Translation:The famous artist paints onto ships, cars, bridges and also sidewalks.
There's a funny difference between English and Hungarian here. I don't think I would ever say "onto" in this context. I would say "on" instead, which could mean either that he is painting while standing on the object in question, or else that he is painting and using the object as a surface on which to paint.
Usually, when you say "he paints on the paper" or even "he paints on the window", it's clear he's using it as a surface; while if you say "he paints on the boat", it's clear that he's using it as a platform. Of course, the latter is not what this sentence is saying. I'll have to think about how I would express this.
I'm not at all sure that I know the difference between "also sidewalks" and "sidewalks too". I think I understand that "és járdakra is" being tacked onto the sentence means that there is something special about sidewalks, like "even sidewalks" or "sidewalks as well" , but I don't understand how the "is" is specific to sidewalks. Is it that "és" separates sidewalks from the other objects in the sentence? Anyone?
I think that the acceptance of 'also' and 'too' in this course is pretty random. It's one of the flaws of the beta version, probably it will get fixed. The position of 'is' is tricky, I haven't quite figured it out yet, so I'm also curious.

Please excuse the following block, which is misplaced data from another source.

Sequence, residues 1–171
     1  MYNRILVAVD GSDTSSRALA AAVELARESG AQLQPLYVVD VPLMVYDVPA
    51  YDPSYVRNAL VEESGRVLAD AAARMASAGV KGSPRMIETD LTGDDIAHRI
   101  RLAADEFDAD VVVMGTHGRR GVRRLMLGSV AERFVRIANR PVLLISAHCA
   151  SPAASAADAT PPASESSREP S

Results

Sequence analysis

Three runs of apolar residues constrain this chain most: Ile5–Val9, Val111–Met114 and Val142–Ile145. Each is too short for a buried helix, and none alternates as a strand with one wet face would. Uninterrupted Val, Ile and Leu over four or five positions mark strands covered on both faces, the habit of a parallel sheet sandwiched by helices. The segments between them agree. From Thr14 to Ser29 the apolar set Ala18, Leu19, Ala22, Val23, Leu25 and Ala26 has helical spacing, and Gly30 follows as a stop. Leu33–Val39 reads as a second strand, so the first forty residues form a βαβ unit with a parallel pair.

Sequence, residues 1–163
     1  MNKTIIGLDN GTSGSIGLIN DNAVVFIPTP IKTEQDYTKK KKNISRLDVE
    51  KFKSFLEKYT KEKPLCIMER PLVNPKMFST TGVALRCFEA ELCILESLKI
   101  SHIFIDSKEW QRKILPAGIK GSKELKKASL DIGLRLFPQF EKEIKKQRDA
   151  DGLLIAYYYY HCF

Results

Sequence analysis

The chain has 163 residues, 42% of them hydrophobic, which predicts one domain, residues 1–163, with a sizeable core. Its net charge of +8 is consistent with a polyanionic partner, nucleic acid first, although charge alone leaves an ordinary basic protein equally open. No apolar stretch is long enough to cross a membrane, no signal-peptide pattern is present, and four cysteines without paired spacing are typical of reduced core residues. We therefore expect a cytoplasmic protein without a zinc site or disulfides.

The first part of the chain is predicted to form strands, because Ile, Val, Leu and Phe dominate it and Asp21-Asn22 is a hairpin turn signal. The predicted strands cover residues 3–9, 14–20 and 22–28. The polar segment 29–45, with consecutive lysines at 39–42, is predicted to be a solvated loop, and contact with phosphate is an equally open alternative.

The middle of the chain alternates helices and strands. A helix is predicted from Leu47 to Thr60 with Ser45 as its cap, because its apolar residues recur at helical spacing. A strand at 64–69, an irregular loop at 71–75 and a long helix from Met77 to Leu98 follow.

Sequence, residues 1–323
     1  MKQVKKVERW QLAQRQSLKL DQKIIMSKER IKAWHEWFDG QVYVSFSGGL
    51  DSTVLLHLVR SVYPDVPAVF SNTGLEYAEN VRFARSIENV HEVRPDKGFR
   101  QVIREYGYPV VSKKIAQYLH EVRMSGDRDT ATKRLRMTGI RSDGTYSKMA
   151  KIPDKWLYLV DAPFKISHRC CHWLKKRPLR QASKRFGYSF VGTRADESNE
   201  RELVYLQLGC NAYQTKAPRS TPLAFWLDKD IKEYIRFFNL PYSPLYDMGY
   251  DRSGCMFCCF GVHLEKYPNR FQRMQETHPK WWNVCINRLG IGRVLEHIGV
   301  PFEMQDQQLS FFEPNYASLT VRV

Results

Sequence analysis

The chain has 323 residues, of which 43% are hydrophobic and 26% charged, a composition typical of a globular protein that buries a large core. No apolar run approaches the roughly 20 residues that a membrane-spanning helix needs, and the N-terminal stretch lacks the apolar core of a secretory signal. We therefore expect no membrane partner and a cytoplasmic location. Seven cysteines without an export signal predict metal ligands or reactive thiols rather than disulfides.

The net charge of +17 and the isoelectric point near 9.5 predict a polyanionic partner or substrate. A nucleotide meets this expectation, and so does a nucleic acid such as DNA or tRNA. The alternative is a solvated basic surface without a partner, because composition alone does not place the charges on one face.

Second thing: hajók is usually translated as ships and here it suddenly becomes boats and ships is not accepted. I think that such cases should be eliminated because it encourages looking at the hints, even if you don't need them.
As far as i understand it, "fest valamiRE" refers to the surface you are aplying paint, "fest valamiT" is what your painting depicts, and "fest valamiN" (or whatever valami+en/on is) is what you or the object are standing on when u paint. So, for instance, "autot festek a pohara az asztalan" means you put the picture of a car onto a glass which was on a table at the time of your painting.
-------- a hi'd = the bridge. i' = long i . there are many words in hungarian that have a long i' . it's a throwback to before coming into the carpathian basin and it was pronounced differently, too. it was a back vowel, back then, and so, today, hi'vni goes to hi'vom, hi'd to hi'dak stb . just have to memorize it where it appears . . .
Big 30 nov 18
Just a memory exercise. This time I put "The famous artist paints onto ships, onto cars, onto bridges and also onto pavements." The computer still wouldn't accept it! The only solution with this one is to remember what the computer wants and parrot it. Very irritating.
Do you mean that the artist actually paints the bridges, etc OR do you mean the artists paint (a portrait, etc) on the bridges, etc. OR do you mean the artist actually paints the cars, bridges, etc. It is a poorly constructed sentence in English which makes translation exceedingly difficult. Can you tell me what the Hungarian actually means in English?
The crucial bit with this sentence is the use of "ra." It denotes both movement, (which painting requires) as well as onto, (although I agree with everyone here who has said that painting onto sounds odd in English. Painting on is better). We're not told what the artist paints but we might assume they're pictures or designs of some description and the artist is quite simply painting them on(to) those things: boats, cars bridges and (in British English) pavements, too. That's all it means.